Psychological symptoms of sexually victimized children and adolescents compared with other maltreatment subtypes.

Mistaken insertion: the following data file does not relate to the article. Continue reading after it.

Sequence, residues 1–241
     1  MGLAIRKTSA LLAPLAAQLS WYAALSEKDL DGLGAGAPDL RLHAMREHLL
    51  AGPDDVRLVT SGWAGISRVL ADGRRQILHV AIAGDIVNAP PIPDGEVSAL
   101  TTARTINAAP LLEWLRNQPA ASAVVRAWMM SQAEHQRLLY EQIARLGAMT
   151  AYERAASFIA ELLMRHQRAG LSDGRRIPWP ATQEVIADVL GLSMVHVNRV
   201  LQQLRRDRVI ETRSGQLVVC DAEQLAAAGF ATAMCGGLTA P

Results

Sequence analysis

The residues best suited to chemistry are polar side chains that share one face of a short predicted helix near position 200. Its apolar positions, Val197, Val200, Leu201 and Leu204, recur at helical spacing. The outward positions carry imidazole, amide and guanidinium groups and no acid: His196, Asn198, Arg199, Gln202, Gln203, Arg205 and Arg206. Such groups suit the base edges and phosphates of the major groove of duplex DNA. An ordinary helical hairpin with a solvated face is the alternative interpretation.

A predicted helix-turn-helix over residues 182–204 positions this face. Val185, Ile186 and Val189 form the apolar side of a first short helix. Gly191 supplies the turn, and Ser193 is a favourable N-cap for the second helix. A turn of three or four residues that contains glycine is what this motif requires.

[Correction Notice: An Erratum for this article was reported in Vol 25(6) of Journal of Child Sexual Abuse: Research, Treatment, & Program Innovations for Victims, Survivors, & Offenders (see record 2016-41655-007). In the original article, a part of the result section on page 335 and Table 4 on page 336 were submitted and printed incorrectly. The corrections are presented in erratum.] The differential effects of sexual victimization and other forms of maltreatment on psychological functioning are not well understood. A sample of sexually victimized children and adolescents (N = 70; 6.3-17.9 years) and a group of youth with a history of nonsexual maltreatment (N = 108; 6.7-16.9 years) were compared using measures of mental health and psychosocial functioning. Assessments included standardized clinical interviews on individual maltreatment history and current psychopathology as well as questionnaires on behavioral and emotional symptoms, including posttraumatic stress symptoms. The results from this study suggest that the risk of experiencing any current mental disorders was independent of type of maltreatment. The risk of meeting the criteria for a current diagnosis of major depression, however, is greater among youth with a history of maltreatment that includes sexual victimization. The significant impact of sexual victimization on posttraumatic stress symptoms was found to be nonsignificant after controlling for age and gender effects. The results indicate that the outcomes of child maltreatment depend on type of maltreatment, but age and gender must be taken into account.